By Samantha Lewis
Batavia teachers are adopting a new style of teaching called personalized learning, a way kids can learn at their own pace in their own way.
“We have sent about 70 staff members to various experiences, including an onsite visit to Westside School District in Omaha, Neb. The purpose of the visits was to learn from others and to define personalized learning for Batavia,” said Chief Academic Officer, Brad Newkirk.
Jerad Beckler is an English teacher at Batavia High School. He is one of the teachers that has been using personalized learning in his classroom. He teaches Honors English to freshman during second block. When he’s not working with these students, he’s helping other teachers in the school as an instructional coach.
“It allows students to learn what’s best for them,” Beckler said of personalized learning. “If you learn best visually, it allows for that. If you learn best from auditory means, it gives you opportunities to do that. It gives you space where you feel comfortable learning and also finding the way you feel comfortable learning … every teacher is trying to find a way to make it more personalized for the students, like giving the content over to them and having them learn their own way.”
In a document by the district about the definition of personalized learning, the state that personalized learning requires the flexibility of mindset, groups, space, pace, and path. They also believe that student agency, knowing the learner, and personal learning paths are the most important parts to personalized learning. This is what the district follows when doing this learning style in a classroom.
Teachers following this learning style in the district co-create learning profilers. These profiles can show the way the student learns best. They then use this data to help the students learn to their fullest ability.
“I think the learning style in Mr. Beckler’s class is very beneficial because it gives you the freedom to work on your own time, but you also have to stay focused or you will not get your work done,” said Alyssa Brasch, one of the students in his second block Honors English class. “There is not necessarily someone there every step of the way telling you what you have to do.”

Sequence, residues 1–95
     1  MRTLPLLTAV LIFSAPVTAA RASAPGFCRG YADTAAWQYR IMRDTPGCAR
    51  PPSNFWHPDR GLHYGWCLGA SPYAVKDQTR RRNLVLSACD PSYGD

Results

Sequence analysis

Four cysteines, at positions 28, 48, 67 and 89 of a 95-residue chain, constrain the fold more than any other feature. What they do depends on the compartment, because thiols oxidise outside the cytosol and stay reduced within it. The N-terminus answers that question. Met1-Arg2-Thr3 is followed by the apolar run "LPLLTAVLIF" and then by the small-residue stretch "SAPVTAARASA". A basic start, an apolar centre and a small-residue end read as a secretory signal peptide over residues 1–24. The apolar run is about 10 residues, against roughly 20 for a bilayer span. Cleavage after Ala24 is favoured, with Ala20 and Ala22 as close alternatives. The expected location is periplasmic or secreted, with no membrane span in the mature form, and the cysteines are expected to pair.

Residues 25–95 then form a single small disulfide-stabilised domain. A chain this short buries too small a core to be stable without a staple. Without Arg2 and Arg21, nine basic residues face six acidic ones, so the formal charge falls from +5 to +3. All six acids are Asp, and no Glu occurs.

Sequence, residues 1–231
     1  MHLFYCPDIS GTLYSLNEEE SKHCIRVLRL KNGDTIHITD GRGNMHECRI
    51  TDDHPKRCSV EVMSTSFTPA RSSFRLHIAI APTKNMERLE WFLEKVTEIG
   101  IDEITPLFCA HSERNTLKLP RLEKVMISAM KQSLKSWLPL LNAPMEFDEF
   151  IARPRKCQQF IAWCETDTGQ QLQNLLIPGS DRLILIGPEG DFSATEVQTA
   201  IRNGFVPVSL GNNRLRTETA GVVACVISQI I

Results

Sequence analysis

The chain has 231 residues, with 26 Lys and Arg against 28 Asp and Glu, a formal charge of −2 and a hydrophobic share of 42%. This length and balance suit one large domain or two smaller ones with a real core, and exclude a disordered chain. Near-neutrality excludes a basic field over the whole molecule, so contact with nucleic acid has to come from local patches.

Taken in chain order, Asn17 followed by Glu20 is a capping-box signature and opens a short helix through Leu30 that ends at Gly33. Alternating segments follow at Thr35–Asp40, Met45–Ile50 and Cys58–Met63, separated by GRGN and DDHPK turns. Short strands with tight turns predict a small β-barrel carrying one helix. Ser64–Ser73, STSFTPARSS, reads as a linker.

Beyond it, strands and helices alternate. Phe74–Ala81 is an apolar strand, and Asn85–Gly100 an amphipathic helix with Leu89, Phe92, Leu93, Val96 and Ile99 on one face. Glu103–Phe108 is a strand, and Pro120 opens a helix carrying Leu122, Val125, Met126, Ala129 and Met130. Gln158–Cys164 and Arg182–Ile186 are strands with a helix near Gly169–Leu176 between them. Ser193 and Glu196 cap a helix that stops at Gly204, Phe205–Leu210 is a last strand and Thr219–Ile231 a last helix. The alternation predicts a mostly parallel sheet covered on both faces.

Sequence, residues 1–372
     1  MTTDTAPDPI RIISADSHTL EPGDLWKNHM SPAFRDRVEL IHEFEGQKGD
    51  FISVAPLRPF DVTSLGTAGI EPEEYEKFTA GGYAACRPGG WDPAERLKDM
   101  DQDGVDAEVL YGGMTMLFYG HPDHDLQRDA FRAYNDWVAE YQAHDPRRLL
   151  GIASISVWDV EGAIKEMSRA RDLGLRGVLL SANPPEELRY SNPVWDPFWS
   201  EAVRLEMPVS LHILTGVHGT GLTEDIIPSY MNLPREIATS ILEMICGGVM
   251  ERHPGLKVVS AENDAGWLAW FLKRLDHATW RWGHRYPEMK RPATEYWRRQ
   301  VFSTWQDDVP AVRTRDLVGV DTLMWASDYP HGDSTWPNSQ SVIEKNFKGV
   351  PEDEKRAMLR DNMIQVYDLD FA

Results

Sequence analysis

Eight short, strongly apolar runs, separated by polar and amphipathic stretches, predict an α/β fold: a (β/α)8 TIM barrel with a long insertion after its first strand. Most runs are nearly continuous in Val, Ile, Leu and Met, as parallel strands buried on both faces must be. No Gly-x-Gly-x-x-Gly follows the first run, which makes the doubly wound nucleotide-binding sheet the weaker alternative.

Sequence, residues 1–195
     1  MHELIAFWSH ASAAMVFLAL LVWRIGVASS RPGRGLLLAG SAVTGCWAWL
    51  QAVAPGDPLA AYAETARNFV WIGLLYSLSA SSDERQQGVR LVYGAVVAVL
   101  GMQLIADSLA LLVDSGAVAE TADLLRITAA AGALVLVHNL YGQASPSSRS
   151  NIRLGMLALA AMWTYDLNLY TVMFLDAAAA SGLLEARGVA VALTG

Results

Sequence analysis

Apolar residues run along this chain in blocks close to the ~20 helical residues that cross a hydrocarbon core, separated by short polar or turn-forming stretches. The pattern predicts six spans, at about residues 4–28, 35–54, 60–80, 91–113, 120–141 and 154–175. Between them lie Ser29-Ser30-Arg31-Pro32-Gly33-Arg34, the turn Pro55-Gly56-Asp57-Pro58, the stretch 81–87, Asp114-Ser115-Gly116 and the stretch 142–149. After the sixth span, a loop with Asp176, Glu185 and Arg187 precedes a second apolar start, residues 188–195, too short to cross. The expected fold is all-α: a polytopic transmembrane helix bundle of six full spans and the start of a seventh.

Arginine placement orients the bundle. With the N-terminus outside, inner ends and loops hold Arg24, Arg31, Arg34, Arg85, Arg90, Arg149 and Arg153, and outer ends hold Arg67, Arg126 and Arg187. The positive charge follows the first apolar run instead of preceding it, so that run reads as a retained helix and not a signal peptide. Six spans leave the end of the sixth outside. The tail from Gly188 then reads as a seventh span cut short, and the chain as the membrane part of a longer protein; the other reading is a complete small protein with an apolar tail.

One thing about personalized learning is that it’s flexible. Students get to choose what they work on that day and what they will need to work on the next. In Beckler’s class, students have the choices of either working on grammar, researching their dystopian project, reading Fahrenheit 451, or discussing with their small group.
According to Mark Anderson, the district’s director of operations, the total cost of this room was around 25,000 dollars. So far, this room is the only one that has been remodeled in the high school. The room is being used to see if the more flexible environment benefits the students
“However, the above-mentioned team met together multiple times with the company that designs personalized spaces. We talked about what the needs were for our students, as well as what we felt would allow for collaboration, innovation, and creation in our classes,” Beckler said. “There was a lot of back and forth with the company as we asked them to make changes to make it exactly what we wanted. When we came back this August to get ready for the school year, we spent many days deciding where the different pieces would be as everything is very mobile.”
“It’s only been about a year or a year and half that we have been throwing around the term personalized learning,” Beckler said. “It’s always existed where students are getting chances to try things out and give them that opportunity.”
The environment plays an important role in personalized learning, as well. In Beckler’s class, the room was completely redone over the summer. Now, there are multiple couches where students can sit and read, and there are round whiteboard tables where group discussions can be held.
According to Beckler, a team of multiple teachers in his English department was formed to create personalized learning spaces. This team is the one that worked together to create this classroom.
“It’s a constantly ongoing process where you can be thinking about why you’re learning, how you’re learning,” Beckler said. “It’s more about the students, and the teacher can give them the opportunity to figure out who they are.”